Increased production of mitochondrial superoxide in the spinal cord induces pain behaviors in mice: The effect of mitochondrial electron transport complex inhibitors

Hee Young Kim, Jin Mo Chung, Kyungsoon Chung

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Abstract

Scavengers of reactive oxygen species (ROS) have been shown to produce a strong antinociceptive effect on persistent pain, and mitochondria are suggested to be the main source of ROS in the spinal dorsal horn. To explore whether excessive generation of mitochondrial superoxide alone can induce pain, the effect of mitochondrial electron transport complex inhibitors on the development of mechanical hyperalgesia was examined in mice. Intrathecal injection of an electron transport complex inhibitor, antimycin A or rotenone, in normal mice resulted in a slowly developing but long-lasting and dose-dependent mechanical hyperalgesia. The levels of mechanical hyperalgesia after antimycin A, a complex III inhibitor, were higher than that with rotenone, a complex I inhibitor. A large increase of mitochondrial superoxide in the spinal dorsal horn and a strong antinociceptive effect of ROS scavengers, phenyl-N-tert-butylnitrone (PBN) and 4-hydroxy-2,2,6,6-tetramethylpiperidine-1-oxyl (TEMPOL) were observed in antimycin A-treated mice. The study indicates that the enhanced production of spinal mitochondrial superoxide alone without nerve injury can produce mechanical hyperalgesia.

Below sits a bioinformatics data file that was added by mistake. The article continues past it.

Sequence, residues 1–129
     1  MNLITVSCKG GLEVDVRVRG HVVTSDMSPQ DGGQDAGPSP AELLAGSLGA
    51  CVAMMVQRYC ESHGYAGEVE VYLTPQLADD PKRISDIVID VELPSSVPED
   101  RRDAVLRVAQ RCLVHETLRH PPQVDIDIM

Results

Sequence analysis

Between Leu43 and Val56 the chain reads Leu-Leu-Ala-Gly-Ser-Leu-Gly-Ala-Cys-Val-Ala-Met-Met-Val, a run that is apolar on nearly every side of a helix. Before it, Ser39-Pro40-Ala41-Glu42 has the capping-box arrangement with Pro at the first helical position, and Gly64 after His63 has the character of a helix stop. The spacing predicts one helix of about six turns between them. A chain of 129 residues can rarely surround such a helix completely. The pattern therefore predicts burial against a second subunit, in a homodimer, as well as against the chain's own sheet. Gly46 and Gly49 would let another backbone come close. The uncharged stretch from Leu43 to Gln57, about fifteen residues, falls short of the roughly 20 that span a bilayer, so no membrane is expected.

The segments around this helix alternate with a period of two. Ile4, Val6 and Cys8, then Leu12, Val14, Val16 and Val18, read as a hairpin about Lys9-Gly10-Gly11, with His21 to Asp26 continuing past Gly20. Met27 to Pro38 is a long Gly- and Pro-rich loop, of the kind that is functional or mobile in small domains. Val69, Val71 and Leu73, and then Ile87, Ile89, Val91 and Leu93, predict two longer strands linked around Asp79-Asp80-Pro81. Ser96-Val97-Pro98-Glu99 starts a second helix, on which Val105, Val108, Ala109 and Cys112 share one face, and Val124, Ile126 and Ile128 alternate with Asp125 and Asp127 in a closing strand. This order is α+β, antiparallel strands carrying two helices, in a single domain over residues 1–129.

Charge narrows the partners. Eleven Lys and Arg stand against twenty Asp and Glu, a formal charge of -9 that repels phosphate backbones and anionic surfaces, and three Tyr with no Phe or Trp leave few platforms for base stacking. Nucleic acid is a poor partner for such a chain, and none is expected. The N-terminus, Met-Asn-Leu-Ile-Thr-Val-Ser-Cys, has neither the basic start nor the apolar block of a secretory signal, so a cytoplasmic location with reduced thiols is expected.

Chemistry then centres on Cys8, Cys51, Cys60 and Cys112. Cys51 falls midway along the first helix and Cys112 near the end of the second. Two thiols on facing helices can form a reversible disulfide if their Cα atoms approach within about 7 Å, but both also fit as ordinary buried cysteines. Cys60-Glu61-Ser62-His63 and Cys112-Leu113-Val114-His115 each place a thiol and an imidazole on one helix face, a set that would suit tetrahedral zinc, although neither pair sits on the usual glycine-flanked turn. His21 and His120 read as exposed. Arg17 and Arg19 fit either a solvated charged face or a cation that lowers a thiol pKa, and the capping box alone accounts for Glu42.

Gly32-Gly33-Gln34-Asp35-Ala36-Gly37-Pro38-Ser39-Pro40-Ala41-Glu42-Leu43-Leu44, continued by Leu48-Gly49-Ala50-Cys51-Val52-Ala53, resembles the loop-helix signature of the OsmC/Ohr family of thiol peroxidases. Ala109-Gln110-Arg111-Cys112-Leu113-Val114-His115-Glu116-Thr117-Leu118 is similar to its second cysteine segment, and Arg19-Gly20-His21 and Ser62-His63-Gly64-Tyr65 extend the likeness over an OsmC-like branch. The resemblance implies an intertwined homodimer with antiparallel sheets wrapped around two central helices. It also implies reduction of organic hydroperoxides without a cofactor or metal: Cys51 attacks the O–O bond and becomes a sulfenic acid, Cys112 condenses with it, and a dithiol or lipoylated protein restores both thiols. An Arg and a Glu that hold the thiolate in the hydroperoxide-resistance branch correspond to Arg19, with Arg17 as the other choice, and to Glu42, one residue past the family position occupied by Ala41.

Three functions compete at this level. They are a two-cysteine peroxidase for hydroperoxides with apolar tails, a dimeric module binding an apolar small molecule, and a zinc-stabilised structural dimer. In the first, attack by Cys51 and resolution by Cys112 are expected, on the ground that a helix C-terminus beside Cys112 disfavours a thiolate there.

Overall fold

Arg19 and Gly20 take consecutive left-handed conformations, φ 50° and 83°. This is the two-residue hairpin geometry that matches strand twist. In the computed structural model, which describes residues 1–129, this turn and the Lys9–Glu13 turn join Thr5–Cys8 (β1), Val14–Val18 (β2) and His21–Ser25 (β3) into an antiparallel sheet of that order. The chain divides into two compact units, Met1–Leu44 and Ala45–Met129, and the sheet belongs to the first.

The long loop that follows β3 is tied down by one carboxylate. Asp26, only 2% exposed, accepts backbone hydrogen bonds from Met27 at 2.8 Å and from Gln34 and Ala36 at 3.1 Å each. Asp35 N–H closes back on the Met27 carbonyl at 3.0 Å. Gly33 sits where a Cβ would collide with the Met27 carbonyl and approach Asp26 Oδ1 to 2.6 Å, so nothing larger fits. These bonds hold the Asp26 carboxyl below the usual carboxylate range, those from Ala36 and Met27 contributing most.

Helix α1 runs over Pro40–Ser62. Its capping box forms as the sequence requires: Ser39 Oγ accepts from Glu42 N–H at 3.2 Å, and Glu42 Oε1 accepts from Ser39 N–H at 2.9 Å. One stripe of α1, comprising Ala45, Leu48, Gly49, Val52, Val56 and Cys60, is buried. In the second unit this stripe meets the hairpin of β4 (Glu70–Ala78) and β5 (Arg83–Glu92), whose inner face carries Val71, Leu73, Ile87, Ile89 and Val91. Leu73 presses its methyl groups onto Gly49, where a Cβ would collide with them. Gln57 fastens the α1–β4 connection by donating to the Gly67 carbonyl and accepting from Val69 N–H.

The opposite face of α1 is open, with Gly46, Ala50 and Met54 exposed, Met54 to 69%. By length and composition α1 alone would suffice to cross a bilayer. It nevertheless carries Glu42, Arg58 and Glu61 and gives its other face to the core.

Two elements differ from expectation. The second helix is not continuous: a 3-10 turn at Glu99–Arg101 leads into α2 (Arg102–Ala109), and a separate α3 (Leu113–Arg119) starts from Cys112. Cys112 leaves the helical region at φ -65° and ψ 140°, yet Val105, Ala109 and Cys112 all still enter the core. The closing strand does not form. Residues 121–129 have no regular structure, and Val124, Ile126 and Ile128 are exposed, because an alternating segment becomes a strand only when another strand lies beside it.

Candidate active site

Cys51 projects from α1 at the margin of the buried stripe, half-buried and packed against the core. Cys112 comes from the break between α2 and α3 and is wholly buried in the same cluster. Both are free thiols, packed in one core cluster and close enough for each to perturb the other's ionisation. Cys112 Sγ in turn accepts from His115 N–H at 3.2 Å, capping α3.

Original languageEnglish (US)
Pages (from-to)87-91
Number of pages5
JournalNeuroscience Letters
Volume447
Issue number1
DOIs
StatePublished - Dec 5 2008

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Keywords

  • Antimycin A
  • Mechanical hyperalgesia
  • Mitochondrial ETC
  • ROS
  • Rotenone

ASJC Scopus subject areas

  • Neuroscience(all)

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